*** Please note formatting on this blog is different than the book.
Today’s reality… Doing something new
January 3, 2018
“Good morning, Danica. How are you today?” asks Dr. Green as he walks into his office, late as usual. His glasses sit askew atop his head, his salt and pepper hair sticking out in all directions. This is the man who has been counseling me to get on with my life. The man who scarcely arrives at our appointments on time. But I like him. He’s easy to talk with: jovial, caring, and not nearly as pushy as other therapists I’ve seen through the years.
He seats himself in the chair across from me and I close my eyes, breathing in deeply. “I opened my email this weekend.”
“Oh? Is that unusual for you?” he asks.
“My old email. The account from… before.”
Dr. Green remains quiet, waiting for more. When it becomes clear I’m not offering up an explanation he does as he always does - he pokes at the hornets’ nest. “What prompted you to do that?”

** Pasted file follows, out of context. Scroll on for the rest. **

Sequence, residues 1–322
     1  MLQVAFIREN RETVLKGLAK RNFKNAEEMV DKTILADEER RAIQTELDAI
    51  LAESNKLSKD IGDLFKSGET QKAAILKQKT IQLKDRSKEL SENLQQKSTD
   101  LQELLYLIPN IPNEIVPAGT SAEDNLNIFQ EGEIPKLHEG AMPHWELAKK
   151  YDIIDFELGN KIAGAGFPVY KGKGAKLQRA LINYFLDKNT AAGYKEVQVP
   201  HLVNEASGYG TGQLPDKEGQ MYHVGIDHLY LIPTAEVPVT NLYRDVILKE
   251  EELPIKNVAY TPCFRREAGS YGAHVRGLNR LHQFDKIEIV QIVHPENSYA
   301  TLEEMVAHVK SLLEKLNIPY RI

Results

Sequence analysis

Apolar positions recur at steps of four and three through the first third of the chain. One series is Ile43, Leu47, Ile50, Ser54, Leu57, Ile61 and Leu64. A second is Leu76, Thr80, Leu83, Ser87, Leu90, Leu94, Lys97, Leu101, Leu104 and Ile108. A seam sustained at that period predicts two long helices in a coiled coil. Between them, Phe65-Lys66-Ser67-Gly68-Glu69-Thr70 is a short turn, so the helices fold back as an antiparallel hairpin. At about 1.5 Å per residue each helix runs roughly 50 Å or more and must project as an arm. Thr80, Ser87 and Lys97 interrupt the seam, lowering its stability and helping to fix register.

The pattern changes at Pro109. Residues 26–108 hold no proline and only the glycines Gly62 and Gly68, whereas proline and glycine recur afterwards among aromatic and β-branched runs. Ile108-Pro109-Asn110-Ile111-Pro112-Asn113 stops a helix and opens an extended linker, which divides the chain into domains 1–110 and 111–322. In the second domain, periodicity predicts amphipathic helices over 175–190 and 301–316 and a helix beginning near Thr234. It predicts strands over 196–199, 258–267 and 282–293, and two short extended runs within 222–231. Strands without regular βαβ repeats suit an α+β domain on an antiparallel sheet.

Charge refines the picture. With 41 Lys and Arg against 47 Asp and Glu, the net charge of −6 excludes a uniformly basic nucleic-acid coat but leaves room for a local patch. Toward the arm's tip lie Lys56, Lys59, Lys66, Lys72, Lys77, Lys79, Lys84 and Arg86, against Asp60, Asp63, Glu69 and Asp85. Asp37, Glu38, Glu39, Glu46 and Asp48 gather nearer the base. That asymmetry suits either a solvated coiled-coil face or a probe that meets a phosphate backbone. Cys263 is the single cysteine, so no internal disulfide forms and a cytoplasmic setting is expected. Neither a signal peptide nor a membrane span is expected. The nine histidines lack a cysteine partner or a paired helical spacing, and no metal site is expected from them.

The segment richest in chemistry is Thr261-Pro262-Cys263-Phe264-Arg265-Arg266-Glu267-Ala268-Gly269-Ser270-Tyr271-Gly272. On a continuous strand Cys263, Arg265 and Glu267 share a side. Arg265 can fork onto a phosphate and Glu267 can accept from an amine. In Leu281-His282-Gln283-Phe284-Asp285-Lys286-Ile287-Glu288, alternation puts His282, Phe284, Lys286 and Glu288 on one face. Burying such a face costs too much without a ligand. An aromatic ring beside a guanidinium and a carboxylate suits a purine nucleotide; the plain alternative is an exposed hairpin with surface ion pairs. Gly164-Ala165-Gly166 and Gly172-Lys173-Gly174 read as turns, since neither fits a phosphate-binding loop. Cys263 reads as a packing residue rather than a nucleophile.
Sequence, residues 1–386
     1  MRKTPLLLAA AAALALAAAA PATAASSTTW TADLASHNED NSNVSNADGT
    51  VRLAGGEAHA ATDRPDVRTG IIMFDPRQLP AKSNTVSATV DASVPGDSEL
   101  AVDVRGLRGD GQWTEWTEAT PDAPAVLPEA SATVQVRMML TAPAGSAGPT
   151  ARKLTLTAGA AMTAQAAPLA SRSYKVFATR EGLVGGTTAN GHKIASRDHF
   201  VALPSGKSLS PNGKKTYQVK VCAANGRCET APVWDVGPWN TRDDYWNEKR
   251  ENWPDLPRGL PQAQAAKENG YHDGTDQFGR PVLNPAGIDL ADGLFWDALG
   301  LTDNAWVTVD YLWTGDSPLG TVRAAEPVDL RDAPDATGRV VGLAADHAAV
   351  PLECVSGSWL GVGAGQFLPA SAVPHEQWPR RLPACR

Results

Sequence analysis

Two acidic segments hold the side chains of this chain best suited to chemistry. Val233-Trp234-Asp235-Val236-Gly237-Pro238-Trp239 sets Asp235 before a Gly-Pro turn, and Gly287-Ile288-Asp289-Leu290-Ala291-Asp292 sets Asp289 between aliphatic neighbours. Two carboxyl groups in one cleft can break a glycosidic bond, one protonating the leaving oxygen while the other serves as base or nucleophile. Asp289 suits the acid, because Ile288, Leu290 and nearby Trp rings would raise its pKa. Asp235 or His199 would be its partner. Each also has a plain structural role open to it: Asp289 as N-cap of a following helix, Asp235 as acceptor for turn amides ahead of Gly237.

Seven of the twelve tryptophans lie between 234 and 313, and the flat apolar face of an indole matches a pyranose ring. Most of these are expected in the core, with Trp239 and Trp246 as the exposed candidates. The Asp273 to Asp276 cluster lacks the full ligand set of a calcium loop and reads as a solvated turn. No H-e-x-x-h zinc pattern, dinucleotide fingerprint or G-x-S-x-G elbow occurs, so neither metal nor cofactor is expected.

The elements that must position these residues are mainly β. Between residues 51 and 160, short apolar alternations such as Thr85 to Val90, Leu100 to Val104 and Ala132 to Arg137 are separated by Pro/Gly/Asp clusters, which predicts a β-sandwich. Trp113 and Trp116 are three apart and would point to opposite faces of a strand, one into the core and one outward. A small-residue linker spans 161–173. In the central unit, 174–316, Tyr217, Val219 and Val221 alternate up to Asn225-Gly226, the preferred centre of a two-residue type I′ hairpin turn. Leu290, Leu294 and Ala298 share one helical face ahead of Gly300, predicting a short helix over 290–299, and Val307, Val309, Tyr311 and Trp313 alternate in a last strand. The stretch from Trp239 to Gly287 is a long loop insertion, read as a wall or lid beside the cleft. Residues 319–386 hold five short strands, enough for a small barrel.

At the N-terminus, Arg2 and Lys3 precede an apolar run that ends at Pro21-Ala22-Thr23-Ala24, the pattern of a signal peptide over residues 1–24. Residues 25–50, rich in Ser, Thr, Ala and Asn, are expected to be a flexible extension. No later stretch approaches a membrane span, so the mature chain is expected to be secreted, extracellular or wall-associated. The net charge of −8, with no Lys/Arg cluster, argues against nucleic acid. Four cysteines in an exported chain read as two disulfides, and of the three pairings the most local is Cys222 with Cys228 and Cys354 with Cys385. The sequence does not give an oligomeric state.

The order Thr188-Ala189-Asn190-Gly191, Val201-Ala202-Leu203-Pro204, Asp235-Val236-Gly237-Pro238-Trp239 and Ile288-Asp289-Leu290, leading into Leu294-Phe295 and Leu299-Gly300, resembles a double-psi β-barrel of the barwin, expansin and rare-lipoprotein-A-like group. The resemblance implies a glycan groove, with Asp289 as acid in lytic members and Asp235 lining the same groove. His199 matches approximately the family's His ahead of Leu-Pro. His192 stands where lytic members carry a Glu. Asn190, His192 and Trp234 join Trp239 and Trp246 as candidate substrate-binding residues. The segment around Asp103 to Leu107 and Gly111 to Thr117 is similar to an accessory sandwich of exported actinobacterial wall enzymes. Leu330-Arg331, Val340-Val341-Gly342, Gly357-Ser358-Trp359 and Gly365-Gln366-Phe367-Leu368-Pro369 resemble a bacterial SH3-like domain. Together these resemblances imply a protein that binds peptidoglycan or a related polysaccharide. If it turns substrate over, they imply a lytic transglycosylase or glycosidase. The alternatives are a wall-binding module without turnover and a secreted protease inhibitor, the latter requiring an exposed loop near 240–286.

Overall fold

Tears jab the back of my eyelids, even as a small smile dances upon my lips. “I had a birthday Sunday,” I remind him, knowing full well he’s aware my birthday was New Year's Eve. “I turned twenty-one, and do you know what I did?”
He raises a brow in question, perching his glasses on the tip of his nose, and going to work jotting notes on the pad laying in his lap.
“Nothing. I did nothing. I sat in a dark room and watched the teenagers across the street set off fireworks.” I sound so lame, I think to myself, shaking my head. “It’s pathetic honestly. I know it and you know it and that’s why I opened the email. I guess I wanted to know if anyone was thinking of me.”
“You guess?” he asks, and I shrug indifferently. “And, what did you find?”
What did I find? I found years of accumulated junk mail and well wishes from people I’ve long left behind. I didn’t stop to look at the messages, not all of them anyway. Instead, I clicked the senders into alphabetical order and searched for relevant names. More specifically, I searched for one name.
He’d sent three messages and as I’d read the words on the glowing screen before me, while fireworks popped outside my window, the truth of my life crashed down on me.